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1 Samuel 1:12, 67, 1218, 20, 2428 comment (0)

September 4, 2008

By Doug Wilson

Related Scripture: 1 Samuel 1:12, 67, 1218, 20, 2428

Explore the Bible
Associate Professor of Christian Studies, School of Christian Studies, University of Mobile

1 Samuel 1:1–2, 6–7, 12–18, 20, 24–28

A woman longs to bear a child. For years, she prays God would grant her this deep desire. With her infertility problems, she knows that only the Lord can make it possible for her to conceive. Her question is will God ever grant me a child? This story is a real picture of life in many families today, but it is actually an account from the time of the judges.

Elkanah had two wives, Hannah and Peninnah. Hannah’s rival provided Elkanah children, but Hannah was unable to conceive until the Lord intervened. Just as God responded to Hannah’s prayer, He still hears and answers according to His will as we approach Him in the name of Jesus.

Acknowledge the Lord’s Sovereignty (1–2, 6–7)
Elkanah pursued God but he had taken a second wife. Perhaps this was a second marriage due to Hannah’s infertility, which she may have regarded as a curse from God (see Deut. 28:4, 18). Even Abraham took a second wife to produce an heir.
The passage indicates Elkanah’s family’s devotion to the Lord, for it made the pilgrimage in order to worship and offer sacrifices. These verses also indicate that Hannah was deeply loved by Elkanah, though he could not understand her God-given desire to have a baby. Their recognition that God is sovereign was their foundation, and this recognition becomes more evident as the account continues.

Seek Strength in the Lord’s Presence (12–16)
Verses 9–11 present Hannah in such soul anguish that she made an unnecessary vow. If God will grant her a son, then she will surrender him for service to the Lord. In addition, he will be a Nazirite (also Nazarite; see Num. 6:5), demonstrated by his uncut hair. Although he will be set apart for service to God, he will also be separated from his family.

These next verses indicate that Eli the priest was not overly sensitive to Hannah’s commitment to God or to her heavy heart. In fact, when he observed that her lips were moving without any audible words, he assumed that she was drunk.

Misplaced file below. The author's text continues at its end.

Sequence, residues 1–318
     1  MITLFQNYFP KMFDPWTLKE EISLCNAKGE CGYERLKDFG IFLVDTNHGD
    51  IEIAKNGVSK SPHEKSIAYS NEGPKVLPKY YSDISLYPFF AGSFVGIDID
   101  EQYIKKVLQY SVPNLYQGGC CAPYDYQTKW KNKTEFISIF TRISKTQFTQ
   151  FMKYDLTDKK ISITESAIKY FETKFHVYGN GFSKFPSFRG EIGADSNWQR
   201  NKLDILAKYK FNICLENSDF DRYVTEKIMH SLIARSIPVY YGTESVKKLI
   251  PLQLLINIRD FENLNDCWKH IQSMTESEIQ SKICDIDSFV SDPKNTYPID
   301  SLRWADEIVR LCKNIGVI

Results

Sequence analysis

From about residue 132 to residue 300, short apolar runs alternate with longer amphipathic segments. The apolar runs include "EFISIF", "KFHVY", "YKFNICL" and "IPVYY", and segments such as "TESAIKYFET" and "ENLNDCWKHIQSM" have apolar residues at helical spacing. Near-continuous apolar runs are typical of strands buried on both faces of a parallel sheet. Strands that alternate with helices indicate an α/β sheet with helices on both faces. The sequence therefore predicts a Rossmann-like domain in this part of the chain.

Hannah was broken by Peninnah’s taunting, she longed to bear a son and then she was accused of drunkenness.
She responded to the priest, however, not with angry, bitter words but with honest humility. Hannah explained that she was laying her soul open before the Lord. When her husband could not understand and her rival would not back off, her only solace was entering into the Lord’s presence.

Experience the Lord’s Peace (17–18)
When Eli observed that Hannah was broken before God, he told her to go in peace, as if to say, “May the wholeness and contentment of God go with you.” He also gave a pronouncement of blessing, emphasizing God’s response to her request. Once she found God’s peace, she broke her fast, ate something and changed her demeanor. Her brokenness before God resulted in experiencing His peace.

Tell Others About God’s Grace (20, 24–28)

Samuel’s name is based on the verb meaning “to hear” and the name for God, “El.”  Together, it means “God listened.” His very name, given to him on the day of his circumcision, was a testimony of God’s grace.

Following the birth, Hannah did not attend the annual pilgrimage to Shiloh until Samuel was weaned. When he was old enough, Samuel was taken to the tabernacle and placed under the guardianship of Eli. Through her testimony in the closing verses of chapter one and subsequent prayer in the next chapter, Hannah bore witness to the grace of God.

Whether we present our children to the Lord in the privacy of a delivery room or on a platform for a baby dedication, parents make a declaration of gratitude for God’s grace in granting us children. We also have the opportunity to testify that our children are only a glimpse of His grace. His greatest demonstration of grace was when God the Son willingly took on our death sentence so that we might live eternally.

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